Finding and Setting your Tone in the Creative Brief

Affectionate dogs and the power of tone

Caution: Dog can’t hold its licker.

This sign has been mounted outside my home for years and just recently, I realized how perfect it is. “Dogs can’t hold their licker” pretty much says everything about my home, life, and family in one short statement.

Visitors to my home will know immediately that they will be greeted by licky, happy, spirited dogs who are allowed on the furniture. As Applejacks and Stella trot towards you ready to give kisses, it will be clear to you that THE SIGN and the reality of my environment align.

Spring Cleaning

Applejacks and Stella after a much needed bath.

Upon entering, it will make sense as you see bright, fun and inviting colors, furniture that’s casual and comfortable (and sprinkled with pet hair), a big canister of treats, and a few toys strewn around for good measure.

Now wouldn’t it be weird if the sign said, “Dogs can’t hold their licker” and you entered to find two well-trained Dobermans sitting in the corner in an all-white, modern, sterile house?

This is exactly what TONE is all about, and why it’s so important.

When your tone—the words and way you speak about your organization—align with the visuals, you create an experience for your audience.

Finding your organization’s tone

King Applejacks

Applejacks won King Pet at our local Hometown Days Weekend, earning him his own convertible in the  parade.

When I’m gathering information to start a new project, some of the questions I ask in my creative brief are:

  • Do you have a specific tone or voice established or is this something you need to define and create?
  • What adjectives describe the feel or approach? Can you give a few words that describe the company and its values?
  • Is your company funny? Casual? Formal?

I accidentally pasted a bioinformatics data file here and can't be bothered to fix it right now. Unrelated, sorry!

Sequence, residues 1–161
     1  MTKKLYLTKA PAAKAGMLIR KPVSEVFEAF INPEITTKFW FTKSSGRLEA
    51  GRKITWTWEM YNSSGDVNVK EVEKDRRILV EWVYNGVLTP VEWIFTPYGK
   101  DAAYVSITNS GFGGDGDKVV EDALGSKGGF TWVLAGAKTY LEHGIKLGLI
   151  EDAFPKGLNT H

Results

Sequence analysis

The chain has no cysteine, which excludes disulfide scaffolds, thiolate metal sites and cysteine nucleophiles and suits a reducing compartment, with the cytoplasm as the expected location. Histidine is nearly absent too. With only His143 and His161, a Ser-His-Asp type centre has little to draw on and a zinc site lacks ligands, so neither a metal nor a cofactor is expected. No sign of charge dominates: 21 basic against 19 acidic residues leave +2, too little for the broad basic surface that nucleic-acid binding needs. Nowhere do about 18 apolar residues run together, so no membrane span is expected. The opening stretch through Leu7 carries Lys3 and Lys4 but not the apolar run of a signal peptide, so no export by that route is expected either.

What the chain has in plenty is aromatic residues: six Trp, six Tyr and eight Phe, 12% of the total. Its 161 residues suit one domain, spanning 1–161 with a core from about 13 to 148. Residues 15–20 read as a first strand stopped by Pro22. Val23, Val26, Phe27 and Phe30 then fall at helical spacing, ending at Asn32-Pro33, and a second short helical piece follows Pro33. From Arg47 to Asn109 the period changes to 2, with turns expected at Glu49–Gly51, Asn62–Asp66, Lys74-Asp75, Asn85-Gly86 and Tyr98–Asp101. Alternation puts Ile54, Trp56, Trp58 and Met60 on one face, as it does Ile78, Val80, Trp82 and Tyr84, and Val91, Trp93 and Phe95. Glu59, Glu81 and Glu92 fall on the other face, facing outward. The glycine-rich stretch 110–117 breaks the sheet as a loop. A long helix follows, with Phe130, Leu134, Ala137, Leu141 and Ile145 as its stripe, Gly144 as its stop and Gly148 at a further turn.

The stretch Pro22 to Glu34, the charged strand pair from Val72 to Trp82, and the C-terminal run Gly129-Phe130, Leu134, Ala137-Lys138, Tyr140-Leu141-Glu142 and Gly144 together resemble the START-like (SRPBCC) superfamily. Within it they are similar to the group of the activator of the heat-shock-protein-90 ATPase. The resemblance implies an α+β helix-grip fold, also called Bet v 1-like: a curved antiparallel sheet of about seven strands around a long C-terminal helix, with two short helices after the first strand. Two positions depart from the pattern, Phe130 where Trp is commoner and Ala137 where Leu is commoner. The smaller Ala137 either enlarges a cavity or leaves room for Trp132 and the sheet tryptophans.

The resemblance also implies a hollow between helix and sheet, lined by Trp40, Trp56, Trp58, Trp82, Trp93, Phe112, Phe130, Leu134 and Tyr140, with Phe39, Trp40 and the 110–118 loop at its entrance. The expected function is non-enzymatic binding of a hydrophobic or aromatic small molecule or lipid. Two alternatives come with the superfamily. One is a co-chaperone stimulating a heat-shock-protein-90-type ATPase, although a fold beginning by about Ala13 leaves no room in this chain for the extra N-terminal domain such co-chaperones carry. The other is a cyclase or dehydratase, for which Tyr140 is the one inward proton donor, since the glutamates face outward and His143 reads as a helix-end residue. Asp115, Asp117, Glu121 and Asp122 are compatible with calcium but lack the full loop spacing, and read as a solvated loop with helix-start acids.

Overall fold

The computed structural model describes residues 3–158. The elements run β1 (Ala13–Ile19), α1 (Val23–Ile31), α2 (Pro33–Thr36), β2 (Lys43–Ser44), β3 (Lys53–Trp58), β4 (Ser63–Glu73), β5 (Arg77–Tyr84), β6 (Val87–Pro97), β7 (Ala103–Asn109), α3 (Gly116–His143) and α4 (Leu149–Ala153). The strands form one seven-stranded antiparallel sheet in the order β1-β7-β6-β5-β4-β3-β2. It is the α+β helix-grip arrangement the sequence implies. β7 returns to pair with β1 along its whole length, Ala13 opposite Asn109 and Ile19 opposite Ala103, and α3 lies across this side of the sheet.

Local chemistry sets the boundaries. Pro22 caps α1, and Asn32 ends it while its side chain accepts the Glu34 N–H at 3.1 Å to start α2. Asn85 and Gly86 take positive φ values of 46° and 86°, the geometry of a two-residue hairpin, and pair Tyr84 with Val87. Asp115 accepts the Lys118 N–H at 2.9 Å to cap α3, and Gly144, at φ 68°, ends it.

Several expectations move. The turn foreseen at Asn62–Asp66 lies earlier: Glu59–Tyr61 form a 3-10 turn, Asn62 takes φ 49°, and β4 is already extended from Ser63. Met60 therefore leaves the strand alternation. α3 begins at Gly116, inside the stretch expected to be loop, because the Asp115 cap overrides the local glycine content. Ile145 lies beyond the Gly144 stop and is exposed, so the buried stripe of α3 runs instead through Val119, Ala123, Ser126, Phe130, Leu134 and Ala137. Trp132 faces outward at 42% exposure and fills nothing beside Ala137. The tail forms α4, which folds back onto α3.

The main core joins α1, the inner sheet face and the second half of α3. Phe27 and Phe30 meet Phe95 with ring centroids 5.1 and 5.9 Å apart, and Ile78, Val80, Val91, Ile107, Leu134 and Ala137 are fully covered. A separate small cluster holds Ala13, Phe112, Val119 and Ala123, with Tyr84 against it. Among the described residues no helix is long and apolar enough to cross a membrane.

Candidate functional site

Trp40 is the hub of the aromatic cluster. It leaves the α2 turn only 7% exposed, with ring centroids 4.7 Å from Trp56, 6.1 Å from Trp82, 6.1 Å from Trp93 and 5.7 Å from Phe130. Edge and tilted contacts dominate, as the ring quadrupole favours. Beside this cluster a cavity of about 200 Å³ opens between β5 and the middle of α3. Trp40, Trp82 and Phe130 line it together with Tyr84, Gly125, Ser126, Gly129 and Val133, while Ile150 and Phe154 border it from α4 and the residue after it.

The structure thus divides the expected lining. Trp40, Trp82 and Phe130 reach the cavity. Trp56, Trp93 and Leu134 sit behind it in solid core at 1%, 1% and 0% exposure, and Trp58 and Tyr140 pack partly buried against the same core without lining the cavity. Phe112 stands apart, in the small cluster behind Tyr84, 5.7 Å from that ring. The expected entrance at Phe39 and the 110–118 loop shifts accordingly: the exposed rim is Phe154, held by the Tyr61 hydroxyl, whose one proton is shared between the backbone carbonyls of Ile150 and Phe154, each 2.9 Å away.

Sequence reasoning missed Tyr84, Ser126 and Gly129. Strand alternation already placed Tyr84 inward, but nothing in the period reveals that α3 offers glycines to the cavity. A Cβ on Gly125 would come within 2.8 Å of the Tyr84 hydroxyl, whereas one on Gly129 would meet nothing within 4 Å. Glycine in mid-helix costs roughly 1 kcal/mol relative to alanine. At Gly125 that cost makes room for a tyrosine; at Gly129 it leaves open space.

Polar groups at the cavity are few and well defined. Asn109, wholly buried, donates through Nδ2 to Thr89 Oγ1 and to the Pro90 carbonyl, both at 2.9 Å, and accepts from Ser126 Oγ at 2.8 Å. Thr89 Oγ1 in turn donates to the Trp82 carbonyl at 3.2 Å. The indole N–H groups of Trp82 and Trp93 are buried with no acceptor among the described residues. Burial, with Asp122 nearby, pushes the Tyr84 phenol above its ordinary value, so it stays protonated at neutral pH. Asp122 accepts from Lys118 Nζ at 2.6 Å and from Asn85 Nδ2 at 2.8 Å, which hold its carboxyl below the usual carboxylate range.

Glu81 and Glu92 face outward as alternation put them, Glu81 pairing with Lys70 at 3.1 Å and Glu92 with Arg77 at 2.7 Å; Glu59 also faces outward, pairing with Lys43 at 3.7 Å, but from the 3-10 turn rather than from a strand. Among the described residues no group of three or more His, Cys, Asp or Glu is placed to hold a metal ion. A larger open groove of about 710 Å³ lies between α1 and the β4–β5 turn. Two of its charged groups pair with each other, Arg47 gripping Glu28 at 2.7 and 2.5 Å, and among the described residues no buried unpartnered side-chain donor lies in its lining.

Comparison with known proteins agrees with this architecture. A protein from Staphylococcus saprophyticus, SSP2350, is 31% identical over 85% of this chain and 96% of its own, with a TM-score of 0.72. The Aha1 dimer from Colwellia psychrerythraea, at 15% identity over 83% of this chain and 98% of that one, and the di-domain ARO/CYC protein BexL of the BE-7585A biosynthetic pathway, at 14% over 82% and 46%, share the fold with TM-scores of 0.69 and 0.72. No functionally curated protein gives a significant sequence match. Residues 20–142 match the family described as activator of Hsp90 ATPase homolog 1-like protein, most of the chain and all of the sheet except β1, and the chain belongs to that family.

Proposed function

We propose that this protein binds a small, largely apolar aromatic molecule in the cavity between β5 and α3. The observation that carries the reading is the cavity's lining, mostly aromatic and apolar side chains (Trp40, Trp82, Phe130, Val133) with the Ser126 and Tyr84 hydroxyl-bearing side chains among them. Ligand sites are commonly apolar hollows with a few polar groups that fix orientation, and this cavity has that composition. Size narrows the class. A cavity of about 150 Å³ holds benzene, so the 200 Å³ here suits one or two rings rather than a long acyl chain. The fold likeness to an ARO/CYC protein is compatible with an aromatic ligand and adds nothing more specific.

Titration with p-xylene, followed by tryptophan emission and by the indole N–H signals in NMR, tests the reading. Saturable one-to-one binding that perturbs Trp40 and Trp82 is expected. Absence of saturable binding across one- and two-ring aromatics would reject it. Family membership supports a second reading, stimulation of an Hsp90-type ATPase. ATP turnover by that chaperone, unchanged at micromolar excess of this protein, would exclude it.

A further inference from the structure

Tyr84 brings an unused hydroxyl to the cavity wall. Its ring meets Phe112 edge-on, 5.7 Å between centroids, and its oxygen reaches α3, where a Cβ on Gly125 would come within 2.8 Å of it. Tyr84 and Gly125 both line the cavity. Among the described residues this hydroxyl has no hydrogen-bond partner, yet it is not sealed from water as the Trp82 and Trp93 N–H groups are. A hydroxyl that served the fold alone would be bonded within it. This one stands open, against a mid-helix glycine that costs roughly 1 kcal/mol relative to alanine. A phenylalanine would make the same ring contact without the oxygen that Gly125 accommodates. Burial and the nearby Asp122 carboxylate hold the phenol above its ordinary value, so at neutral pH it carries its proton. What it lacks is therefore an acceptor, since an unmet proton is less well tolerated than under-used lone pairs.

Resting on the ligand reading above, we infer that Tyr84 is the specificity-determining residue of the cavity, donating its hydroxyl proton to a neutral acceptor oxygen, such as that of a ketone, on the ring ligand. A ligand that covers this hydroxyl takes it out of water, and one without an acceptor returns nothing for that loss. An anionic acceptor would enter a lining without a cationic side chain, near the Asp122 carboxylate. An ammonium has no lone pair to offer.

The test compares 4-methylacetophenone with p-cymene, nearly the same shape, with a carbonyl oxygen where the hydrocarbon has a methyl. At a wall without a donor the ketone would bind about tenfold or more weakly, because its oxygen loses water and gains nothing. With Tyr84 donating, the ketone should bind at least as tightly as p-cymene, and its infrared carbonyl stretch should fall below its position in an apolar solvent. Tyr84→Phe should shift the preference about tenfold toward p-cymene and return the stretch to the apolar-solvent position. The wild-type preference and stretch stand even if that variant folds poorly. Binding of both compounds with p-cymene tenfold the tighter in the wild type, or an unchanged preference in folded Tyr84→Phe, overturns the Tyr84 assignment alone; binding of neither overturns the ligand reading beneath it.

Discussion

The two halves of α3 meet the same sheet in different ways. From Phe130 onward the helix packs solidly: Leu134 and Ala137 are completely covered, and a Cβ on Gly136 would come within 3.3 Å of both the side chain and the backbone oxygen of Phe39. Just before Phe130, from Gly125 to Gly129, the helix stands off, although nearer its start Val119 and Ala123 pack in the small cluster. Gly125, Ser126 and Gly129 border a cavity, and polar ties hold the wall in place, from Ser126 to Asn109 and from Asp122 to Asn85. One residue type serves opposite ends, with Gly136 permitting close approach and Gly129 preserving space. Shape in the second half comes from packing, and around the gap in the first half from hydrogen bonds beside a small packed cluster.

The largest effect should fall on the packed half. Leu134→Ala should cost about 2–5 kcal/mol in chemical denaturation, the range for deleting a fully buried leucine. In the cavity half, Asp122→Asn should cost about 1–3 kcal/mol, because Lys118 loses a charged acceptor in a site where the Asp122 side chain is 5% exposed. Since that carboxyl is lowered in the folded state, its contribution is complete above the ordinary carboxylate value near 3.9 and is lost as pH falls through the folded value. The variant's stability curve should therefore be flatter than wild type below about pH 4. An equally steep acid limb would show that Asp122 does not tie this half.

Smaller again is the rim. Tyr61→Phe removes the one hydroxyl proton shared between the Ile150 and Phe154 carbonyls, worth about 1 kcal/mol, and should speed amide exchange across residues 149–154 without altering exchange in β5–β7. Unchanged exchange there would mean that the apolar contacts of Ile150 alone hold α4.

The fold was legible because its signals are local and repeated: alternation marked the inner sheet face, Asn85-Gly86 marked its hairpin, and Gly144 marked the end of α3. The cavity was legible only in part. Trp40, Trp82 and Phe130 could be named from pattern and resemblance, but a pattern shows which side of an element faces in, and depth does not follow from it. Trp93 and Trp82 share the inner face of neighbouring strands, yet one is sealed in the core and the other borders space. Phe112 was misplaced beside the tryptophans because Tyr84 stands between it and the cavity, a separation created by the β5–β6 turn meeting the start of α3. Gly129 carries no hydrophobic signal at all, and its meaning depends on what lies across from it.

These answers help me narrow down the focus so we can meet your business goals and create an emotional connection. The reality is, brands who are like everybody else don’t stand out. They don’t create emotional connections.


Knowing your tone gives you more opportunities to connect.

MOO is a custom online printing company. Instead of a “newsletter,” MOO has a “MOOsLETTER.” And when you order something, Little MOO, the friendly print robot, helps you along the process. By knowing their tone, MOO is able to be consistent, fun and memorable throughout their entire brand—and by knowing yours, you can too!

 

What if they don’t like licky dogs?

Stella is always happy to see you — especially when you say “Go for a Walk?”

Not everyone likes licky dogs in a fun-for-all environment. Some prefer more reserved dogs and a more structured, serious, meticulously-vacuumed environment. But there is no use in trying to be something you’re not. It will just waste everyone’s time! My goal is to show off your authentic organization so those who align with it can LOVE it, and those who don’t can’t move along to find a better fit.

If you can be clear about your organization’s tone, design can really flourish! As long as your tone is married with the promises you’re making and the way you’re engaging with your audience, it can be a really powerful (and necessary) differentiator.

Sometimes the question of tone can be answered by one sentence as simple as, “Caution: Dogs can’t hold their licker.” Even one line can be the barometer for everything else.

What’s your organization’s tone? Do you have a statement that defines it?

I would love to know! Please comment below.

 

Want to develop a clear and actionable plan to guide your next creative project to success? Download my free guide: The Creative Brief Toolkit.

 

Wendy Wood

Wendy Wood

Wendy is the creative force behind Wendy Wood Design. Marketing and creative teams hire Wendy to plan and execute spot-on creative for their complex, multi-deliverable projects, such as: branding systems work, trade show & event deliverables, annual report & catalog design. When she's not in her design office, she is out enjoying all the San Francisco Bay Area has to offer —hiking, running and exploring with her husband, two boys and two dogs. + Meet Wendy